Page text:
German boxer Zeina Nassar poses during a training session.
Berlin boxer Zeina Nassar's fighting spirit has won her plenty of titles, but her battle to wear the hijab in the ring has also made her an equal opportunity champion.
Today, the 21-year-old, who discovered female boxing by watching online videos as a teenager, is a German amateur featherweight champion and dares to dream of Olympic glory.
Her path so far took all the determination she could muster, Nassar told AFP, sipping an iced coffee at a cafe in Berlin's Kreuzberg district, where she grew up.
Her list of achievements already includes six Berlin titles in the featherweight category, and the 2018 German Championship title.
In 24 official fights, Nassar, who weighs 57 kilos (125 pounds), recorded 18 victories, including one by KO, which is rare in this category.
"My boxing style is very unconventional but I'm super fast. It's my strength," she said, mimicking a few uppercuts and hooks.
The fight isn't won yet, however.
The Berliner's Olympic ambitions, like those of other sportswomen wearing the headscarf, run up against critics who brandish a rule for the Olympics prohibiting the display of any political, religious or racial symbols.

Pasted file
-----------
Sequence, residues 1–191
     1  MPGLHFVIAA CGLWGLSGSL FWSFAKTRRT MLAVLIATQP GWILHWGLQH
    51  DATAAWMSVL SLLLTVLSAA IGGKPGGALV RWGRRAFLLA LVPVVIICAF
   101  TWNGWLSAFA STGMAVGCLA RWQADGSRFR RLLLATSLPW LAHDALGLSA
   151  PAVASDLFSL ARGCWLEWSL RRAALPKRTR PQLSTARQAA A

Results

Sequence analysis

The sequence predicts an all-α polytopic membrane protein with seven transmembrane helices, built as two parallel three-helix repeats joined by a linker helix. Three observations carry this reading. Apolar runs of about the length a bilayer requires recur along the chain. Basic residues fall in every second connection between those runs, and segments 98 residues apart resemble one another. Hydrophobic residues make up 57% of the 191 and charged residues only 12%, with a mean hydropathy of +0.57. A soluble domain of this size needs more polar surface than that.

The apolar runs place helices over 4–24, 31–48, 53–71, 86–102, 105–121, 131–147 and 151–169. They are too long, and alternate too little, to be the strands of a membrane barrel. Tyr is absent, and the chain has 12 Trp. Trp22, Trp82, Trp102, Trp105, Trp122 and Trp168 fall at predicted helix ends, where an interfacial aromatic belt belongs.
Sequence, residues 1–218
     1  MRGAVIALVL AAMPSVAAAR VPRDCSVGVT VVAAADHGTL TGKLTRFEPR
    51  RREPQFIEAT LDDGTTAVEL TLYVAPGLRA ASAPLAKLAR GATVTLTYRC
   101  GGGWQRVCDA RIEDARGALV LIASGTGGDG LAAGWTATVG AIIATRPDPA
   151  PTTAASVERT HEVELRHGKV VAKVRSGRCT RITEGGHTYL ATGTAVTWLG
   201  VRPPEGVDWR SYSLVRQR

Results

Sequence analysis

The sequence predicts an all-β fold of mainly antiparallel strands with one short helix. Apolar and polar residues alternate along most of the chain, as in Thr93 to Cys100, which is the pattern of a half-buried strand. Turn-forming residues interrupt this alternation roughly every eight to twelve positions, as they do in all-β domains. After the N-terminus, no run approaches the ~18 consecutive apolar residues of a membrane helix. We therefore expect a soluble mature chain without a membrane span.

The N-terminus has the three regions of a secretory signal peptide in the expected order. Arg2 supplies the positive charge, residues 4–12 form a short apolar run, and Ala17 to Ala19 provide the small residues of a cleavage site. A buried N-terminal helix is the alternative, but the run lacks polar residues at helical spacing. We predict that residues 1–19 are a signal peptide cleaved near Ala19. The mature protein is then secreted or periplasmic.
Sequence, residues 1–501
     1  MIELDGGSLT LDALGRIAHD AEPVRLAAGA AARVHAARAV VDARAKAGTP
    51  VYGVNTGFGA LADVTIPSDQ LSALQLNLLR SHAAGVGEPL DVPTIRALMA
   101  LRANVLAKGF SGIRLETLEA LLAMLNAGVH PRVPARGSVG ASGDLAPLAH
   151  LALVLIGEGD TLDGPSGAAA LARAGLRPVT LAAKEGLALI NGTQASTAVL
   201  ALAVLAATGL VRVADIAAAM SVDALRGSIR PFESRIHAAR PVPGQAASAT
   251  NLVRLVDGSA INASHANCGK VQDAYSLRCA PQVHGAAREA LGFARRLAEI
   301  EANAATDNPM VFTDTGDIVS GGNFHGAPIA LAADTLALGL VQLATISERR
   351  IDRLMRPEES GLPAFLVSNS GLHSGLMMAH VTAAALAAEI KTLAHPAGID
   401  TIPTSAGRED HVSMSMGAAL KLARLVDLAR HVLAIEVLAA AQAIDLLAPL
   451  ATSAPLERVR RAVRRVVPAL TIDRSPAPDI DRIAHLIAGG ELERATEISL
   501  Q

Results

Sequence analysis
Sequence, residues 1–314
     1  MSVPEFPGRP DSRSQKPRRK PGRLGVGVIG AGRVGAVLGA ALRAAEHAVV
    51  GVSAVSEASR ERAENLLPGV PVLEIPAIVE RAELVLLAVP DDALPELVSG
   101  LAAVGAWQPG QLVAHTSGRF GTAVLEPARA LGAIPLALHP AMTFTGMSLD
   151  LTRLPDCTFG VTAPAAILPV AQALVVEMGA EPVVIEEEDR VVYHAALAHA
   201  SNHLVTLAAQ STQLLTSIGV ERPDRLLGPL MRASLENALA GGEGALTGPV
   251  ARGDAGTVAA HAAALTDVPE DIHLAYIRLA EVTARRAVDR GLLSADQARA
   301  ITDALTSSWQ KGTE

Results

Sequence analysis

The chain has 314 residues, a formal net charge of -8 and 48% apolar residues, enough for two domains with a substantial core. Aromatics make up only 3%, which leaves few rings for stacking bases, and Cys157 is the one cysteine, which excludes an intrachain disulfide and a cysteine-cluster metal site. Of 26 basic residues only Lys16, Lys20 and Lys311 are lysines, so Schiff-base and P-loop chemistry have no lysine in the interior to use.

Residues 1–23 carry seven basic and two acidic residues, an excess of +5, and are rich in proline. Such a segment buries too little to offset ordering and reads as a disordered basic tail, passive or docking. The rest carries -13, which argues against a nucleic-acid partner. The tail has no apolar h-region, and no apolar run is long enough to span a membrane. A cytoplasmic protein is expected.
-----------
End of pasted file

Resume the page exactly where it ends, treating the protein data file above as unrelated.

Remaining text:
"Even if the boxing association, like most federations, has given in, the Olympic Charter has not changed," argued Annie Sugier, president of the International Women's Rights League.
Despite the controversy surrounding the hijab in some Western countries, sportswear giants have already begun offering less skin-revealing clothes to cash in on the "modest fashion" market, which is now worth hundreds of millions of euros.
The female boxer, who is very active on social media, has become a role model for young Muslim women in particular.
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